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IUCN ‘conservation Olympics’ starts in South Korea

We’re all in this together. Photo courtesy NASA.

Global environmental issues on the agenda at conservation summit in South Korea

By Summit Voice

SUMMIT COUNTY — When it comes to the global environment, there’s no shortage of issues to discuss, so delegates to the International Union for the Conservation of Nature’s quadrennial summit meeting should have plenty to talk about the next 10 days.

This edition of the congress starts today on on Jeju Island, South Korea, with 8,000 people from more than 170 countries on-hand to tackle some of the most pressing environmental issues facing the planet. The congress brings together government and non-governmental organizations, scientists, business and community leaders.

Follow the proceedings at the IUCN’s twitter hub.

“Nature is inherently strong, but we must improve how quickly nature and people adapt to change,” said IUCN director-general Julia Marton-Lefèvre. “If we strengthen nature, we’ll see that ecosystems are more resilient and people, communities and economies are healthier.”

Along with updates to the IUCN Red List of endangered species, the agenda includes discussions on growing threats to tuna populations, new data on coral reef destruction and the urgent need to stop countries making false claims on ocean protection.

Some local issues are also on the table, with Korean and German experts debating how to use the Demilitarized Zone between North and South Korea, and its surprisingly intact nature, to promote peace, referencing experiences from the former iron curtain. Across the border, replanting and rehabilitating the destroyed forests of North Korea will also be addressed.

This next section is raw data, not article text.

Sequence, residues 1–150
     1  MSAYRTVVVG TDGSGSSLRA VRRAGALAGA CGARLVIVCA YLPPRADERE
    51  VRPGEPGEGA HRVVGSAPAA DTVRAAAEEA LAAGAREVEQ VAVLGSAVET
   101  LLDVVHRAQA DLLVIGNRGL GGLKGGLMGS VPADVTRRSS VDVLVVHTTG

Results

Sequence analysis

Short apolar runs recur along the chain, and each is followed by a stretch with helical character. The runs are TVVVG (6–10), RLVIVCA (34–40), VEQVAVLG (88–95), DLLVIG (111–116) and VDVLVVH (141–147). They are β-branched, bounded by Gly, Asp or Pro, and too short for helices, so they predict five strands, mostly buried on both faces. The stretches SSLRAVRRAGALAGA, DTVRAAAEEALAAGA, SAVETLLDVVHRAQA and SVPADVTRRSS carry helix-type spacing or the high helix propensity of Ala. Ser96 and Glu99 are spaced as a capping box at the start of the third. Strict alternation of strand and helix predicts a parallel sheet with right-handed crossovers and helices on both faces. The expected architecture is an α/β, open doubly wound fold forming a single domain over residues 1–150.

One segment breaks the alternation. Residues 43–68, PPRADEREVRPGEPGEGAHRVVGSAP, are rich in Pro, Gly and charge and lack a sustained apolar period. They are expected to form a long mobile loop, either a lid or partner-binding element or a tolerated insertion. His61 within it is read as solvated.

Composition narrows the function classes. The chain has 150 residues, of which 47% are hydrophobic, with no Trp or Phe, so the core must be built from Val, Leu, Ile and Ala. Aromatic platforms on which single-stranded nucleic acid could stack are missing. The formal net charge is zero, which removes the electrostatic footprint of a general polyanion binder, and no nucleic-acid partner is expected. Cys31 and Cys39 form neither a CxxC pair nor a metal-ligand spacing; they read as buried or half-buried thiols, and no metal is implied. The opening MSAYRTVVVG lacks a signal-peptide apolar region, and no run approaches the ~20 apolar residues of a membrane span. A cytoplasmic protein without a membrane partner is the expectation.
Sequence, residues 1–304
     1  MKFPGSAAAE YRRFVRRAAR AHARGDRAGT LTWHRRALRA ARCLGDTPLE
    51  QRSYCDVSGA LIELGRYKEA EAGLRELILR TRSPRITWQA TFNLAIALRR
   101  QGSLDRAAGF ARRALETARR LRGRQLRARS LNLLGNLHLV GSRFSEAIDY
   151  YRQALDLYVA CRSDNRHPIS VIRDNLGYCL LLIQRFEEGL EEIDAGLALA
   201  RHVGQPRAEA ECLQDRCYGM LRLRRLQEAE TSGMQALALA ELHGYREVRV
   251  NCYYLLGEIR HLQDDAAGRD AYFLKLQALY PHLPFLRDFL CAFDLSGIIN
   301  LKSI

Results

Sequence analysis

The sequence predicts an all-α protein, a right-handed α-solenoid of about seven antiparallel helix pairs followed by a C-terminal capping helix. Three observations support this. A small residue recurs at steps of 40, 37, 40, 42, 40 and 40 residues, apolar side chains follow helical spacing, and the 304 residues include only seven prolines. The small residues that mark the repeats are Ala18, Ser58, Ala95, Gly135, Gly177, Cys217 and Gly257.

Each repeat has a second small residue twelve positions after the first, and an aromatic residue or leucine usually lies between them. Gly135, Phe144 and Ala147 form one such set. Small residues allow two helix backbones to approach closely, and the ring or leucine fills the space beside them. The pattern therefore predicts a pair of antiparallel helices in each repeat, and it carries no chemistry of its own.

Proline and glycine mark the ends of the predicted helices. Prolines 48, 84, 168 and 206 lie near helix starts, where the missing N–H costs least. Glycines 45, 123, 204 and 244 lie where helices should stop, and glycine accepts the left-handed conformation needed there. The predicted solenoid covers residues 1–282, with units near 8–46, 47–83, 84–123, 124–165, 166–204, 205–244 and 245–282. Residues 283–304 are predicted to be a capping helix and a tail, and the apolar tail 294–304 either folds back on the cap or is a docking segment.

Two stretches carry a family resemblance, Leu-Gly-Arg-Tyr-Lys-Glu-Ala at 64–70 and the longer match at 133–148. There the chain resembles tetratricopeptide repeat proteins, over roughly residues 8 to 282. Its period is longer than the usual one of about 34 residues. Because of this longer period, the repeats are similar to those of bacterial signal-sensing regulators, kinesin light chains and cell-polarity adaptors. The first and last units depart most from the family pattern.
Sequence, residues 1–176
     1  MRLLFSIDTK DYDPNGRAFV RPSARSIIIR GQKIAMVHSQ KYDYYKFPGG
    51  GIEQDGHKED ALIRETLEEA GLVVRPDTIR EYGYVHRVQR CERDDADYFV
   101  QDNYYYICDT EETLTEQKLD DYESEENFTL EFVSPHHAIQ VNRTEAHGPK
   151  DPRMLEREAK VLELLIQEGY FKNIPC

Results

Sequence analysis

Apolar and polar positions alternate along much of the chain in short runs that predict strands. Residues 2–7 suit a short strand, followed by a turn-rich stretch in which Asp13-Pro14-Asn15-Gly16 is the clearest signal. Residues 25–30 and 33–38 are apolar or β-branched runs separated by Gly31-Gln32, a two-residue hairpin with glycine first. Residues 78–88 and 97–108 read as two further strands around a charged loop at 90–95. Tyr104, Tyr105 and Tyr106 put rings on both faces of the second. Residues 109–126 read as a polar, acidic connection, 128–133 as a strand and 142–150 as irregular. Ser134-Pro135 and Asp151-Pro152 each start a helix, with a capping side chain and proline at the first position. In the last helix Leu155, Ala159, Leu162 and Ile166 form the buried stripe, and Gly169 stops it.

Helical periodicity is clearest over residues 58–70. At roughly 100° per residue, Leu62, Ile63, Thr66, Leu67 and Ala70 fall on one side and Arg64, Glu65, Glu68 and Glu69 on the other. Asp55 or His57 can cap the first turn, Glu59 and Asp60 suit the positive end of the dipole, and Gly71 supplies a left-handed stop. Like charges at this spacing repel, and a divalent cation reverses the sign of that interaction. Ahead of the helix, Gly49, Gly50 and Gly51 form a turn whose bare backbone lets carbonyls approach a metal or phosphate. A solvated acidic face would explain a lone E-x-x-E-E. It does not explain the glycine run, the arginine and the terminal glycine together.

Some key themes:

• Conservation works: “The slowness of global decision making on environmental issues belies what’s really happening on the ground. Many local results show that investing in nature and restoring natural areas brings social and economic returns. Even if every success isn’t replicable across all ecosystems, cultures or political systems, they point the way to making nature more resilient globally,”

~Enrique Lahmann, IUCN Congress Director.

• Nature provides solutions to climate change adaptation. “Ecosystem-based adaptation is a cost effective, no-regrets solution that governments ought to incorporate proactively into national policies and take immediate action to implement on the ground,” Improving the management of river systems, coral reefs, mangroves and forests all tangibly improve the resilience of neighboring communities to deal with both the sudden and long-term consequences of climate change.”

~ Chong-Chun Kim, Secretary General of the Korean Organizing Committee. “

Nature+ is about boosting natural resilience. “Nature is inherently strong, but we must improve how quickly nature and people adapt to change. “If we strengthen nature, we’ll see that ecosystems are more resilient and people, communities and economies are healthier.”

~ Julia Marton-Lefèvre, Director General of IUCN.

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